15 Light Sources! In the Phong Model, we add the results from each light source! Each light source has separate diffuse, specular, and ambient terms to allow for maximum flexibility even though this form does not have a physical justification! Separate red, green and blue components! Hence, 9 coefficients for each point source I dr, I dg, I db, I sr, I sg, I sb, I ar, I ag, I ab
16 Material Properties! Material properties match light source properties Nine absorbtion coefficients k dr, k dg, k db, k sr, k sg, k sb, k ar, k ag, k ab Shininess coefficient α
17 Adding up the Components For each light source and each color component, the Phong model can be written (without the distance terms) as I =k d I d l n + k s I s (v r ) α + k a I a For each color component we add contributions from all sources
18 Modified Phong Model! The specular term in the Phong model is problematic because it requires the calculation of a new reflection vector and view vector for each vertex! Blinn suggested an approximation using the halfway vector that is more efficient
19 The Halfway Vector h is the normalized vector halfway between l and v h = ( l + v )/ l + v
20 Using the halfway vector! Replace (v r ) α by (n h ) β! β is chosen to match shininess! Note that halfway angle is half of angle between r and v if vectors are coplanar! Resulting model is known as the modified Phong or PhongBlinn lighting model Specified in OpenGL standard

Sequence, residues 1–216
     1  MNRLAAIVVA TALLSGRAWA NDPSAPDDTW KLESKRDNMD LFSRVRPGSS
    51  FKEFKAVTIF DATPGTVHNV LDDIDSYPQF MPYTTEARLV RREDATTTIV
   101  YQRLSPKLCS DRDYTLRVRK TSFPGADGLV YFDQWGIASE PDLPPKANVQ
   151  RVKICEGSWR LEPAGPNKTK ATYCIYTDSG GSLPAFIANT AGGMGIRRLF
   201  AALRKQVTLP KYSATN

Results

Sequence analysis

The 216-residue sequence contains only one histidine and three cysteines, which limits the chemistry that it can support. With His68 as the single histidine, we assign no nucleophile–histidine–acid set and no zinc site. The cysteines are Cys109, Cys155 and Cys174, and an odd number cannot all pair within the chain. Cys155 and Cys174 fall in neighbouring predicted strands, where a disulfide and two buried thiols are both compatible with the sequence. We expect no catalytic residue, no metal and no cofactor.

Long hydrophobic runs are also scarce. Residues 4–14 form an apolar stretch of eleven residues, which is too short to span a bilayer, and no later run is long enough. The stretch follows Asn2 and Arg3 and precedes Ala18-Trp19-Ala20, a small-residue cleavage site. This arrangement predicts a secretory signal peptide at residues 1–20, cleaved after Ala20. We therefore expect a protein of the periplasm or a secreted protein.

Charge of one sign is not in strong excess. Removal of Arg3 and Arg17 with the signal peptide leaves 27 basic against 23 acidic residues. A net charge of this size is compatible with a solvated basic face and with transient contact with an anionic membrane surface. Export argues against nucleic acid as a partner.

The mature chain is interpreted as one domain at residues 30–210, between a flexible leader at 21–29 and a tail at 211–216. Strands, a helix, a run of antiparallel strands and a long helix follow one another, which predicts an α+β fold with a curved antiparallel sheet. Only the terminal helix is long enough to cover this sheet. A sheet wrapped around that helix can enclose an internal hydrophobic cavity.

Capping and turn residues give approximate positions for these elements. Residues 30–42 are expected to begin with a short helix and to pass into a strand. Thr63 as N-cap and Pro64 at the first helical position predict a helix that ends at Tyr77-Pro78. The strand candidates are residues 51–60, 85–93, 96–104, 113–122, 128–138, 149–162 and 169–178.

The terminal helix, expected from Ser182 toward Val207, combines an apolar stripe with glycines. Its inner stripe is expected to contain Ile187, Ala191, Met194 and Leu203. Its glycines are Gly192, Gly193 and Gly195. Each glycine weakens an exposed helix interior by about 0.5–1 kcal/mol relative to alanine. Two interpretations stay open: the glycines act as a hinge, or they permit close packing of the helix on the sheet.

21 Example Only differences in these teapots are the parameters in the modified Phong model
22 Computation of Vectors! l and v are specified by the application! Can compute r from l and n! Problem is determining n! For simple surfaces it can be determined but how we determine n differs depending on underlying representation of surface! OpenGL leaves determination of normal to application Exception for GLU quadrics and Bezier surfaces was deprecated
23 Computing Reflection Direction! Angle of incidence = angle of reflection! Normal, light direction and reflection direction are coplaner! Want all three to be unit length r = 2(l n)n l
24 Plane Normals! Equation of plane: ax+by+cz+d = 0! From Chapter 4 we know that plane is determined by three points p 0, p 1, p 2 or normal n and p 0! Normal can be obtained by n = (p 2 p 0 ) (p 1 p 0 )
25 Normal to Sphere! Implicit function f(x,y.z)=0! Normal given by gradient! Sphere f(p)=p p1! n = [ f/ x, f/ y, f/ z] T =p
26 Parametric Form! For sphere x=x(u,v)=cos u sin v y=y(u,v)=cos u cos v z= z(u,v)=sin u! Tangent plane determined by vectors p/ u = [ x/ u, y/ u, z/ u]t p/ v = [ x/ v, y/ v, z/ v]t! Normal given by cross product n = p/ u p/ v
27 General Case! We can compute parametric normals for other simple cases Quadrics Parametric polynomial surfaces Bezier surface patches (Chapter 11)